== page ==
East Germany, like Poland and the rest of Eastern Europe, had been run as a one-party state since being incorporated into the Russian sphere of influence after World War II. The Berlin Wall itself had been erected in 1961 to prevent East German workers escaping to the West. Its construction was an open condemnation of the failing of the so-called “Peoples’ Republics” of Eastern Europe. Its fall was a direct result of the democratization movements that were happening throughout Eastern Europe in the 1980s – moving from Poland to Hungary and Czechoslovakia – which allowed a way out for East Germans who wanted to escape authoritarian rule.

The collapse of the Berlin Wall symbolized the end of the Moscow-centred bloc and the end of the Cold War. The disappearance of the Russian bloc saw authoritarian regimes dissolve, first in Eastern Europe, then in Russia itself.

Now a story like this, in any other circumstance, would be inspiring for everyone on the left. Socialism began as a campaign for democracy and the right to vote.[5] Socialists are always campaigning for an increase in rights and political freedoms. Socialists have always historically identified with mass workers’ movements such as the one represented by Solidarność, and with movements for democratic rights such as those that swept Eastern Europe in the 1980s.

But this story was different. Russia called itself communist. Its East European satellite states called themselves communist. Liberal politicians and theorists had argued that the Cold War was a contest between capitalism in the west and communism in the east, and most on the left agreed. So in the wake of the 1989 collapse of the Berlin Wall and the collapse of these “communist” states – the confusion in much of the left was extreme. Accepting that these regimes were, in some way, socialist, post-capitalist or “workers’ states” drove many on the left into confusion at what they saw as the victory of the market over the state. Instead of joining in the celebrations, and dancing on the fallen wall, many on the left looked on in horror. By contrast, there was a triumphalism among liberal, pro-capitalist theorists. Francis Fukuyama talked about the “end of history”.[6] The argument was pounded home that 1989 proved the superiority of the market and capitalism over the state and socialism.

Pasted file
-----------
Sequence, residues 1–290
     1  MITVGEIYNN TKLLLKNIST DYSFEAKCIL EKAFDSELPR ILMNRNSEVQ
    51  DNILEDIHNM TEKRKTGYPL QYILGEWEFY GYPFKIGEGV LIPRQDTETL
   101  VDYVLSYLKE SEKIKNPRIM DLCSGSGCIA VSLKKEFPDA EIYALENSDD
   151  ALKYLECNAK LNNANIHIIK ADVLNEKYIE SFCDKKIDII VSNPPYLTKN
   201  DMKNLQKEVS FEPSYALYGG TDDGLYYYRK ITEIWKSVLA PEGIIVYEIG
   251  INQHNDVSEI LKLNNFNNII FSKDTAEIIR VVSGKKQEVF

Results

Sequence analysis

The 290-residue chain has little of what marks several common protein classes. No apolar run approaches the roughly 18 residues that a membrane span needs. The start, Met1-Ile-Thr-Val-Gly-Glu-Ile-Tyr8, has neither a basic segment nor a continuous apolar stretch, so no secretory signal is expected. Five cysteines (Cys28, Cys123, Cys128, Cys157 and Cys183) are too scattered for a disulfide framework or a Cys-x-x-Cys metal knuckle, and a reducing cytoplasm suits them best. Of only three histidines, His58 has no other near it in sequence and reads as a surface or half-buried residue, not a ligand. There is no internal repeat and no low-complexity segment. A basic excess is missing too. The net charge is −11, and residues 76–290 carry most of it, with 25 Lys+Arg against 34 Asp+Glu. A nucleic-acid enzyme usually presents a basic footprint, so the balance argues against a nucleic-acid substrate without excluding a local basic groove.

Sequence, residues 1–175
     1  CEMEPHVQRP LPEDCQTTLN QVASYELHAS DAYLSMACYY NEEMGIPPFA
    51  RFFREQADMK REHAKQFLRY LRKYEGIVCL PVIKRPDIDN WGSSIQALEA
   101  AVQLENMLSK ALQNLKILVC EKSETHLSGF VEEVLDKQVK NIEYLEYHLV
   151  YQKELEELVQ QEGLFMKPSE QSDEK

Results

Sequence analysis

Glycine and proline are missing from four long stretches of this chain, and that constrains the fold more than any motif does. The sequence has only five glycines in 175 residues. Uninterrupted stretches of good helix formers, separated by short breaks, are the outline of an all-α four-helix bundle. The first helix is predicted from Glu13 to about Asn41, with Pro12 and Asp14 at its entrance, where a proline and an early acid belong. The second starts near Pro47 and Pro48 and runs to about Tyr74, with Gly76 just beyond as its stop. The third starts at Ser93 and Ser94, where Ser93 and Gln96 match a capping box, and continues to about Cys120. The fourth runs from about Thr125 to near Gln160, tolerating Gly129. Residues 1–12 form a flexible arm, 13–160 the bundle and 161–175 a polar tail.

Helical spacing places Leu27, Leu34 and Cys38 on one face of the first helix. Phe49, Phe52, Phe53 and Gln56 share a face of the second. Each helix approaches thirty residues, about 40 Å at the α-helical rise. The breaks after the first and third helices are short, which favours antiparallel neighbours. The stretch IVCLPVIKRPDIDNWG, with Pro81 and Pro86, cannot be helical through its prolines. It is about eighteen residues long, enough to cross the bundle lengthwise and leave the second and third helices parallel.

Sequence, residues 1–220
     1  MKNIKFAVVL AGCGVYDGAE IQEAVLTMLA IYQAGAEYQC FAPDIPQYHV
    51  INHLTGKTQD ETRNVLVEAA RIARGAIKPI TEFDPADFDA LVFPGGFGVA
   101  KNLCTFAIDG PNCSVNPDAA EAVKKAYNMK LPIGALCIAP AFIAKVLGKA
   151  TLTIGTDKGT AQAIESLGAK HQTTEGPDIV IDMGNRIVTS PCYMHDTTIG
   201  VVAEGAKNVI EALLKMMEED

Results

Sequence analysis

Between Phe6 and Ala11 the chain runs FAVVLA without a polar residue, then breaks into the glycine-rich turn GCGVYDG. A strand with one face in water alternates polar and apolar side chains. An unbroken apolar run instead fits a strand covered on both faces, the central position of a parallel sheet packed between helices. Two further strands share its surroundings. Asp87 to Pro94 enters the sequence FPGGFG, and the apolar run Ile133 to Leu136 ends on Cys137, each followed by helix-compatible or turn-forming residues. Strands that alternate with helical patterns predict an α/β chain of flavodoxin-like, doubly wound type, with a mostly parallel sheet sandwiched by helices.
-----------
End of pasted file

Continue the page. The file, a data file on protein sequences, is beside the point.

There was just one problem. The regimes in Russia and Eastern Europe might have been dominated by the state – but they were in no way socialist. Socialism is not about state power, but about the power of the working class and the oppressed. It is not about the suppression of democracy, but about the extension of democracy from the state to the economy. We need to not just elect members of parliament once every few years, but to elect our bosses, our administrators, our judges.[7] The key institution of socialism is not the state bureaucracy, the Politburo, the Party or the Central Committee. The key institution is the workers’ council – an institution of mass working class democracy and accountability. The outlines of this kind of direct democracy were sketched first by the workers of Paris in 1871, and then again by the workers of Russia in 1905 and 1917. A brilliant but short-lived sketch of a workers’ council state occurred in Budapest, Hungary, during the magnificent 1956 uprising against authoritarian rule and Russian occupation.[8]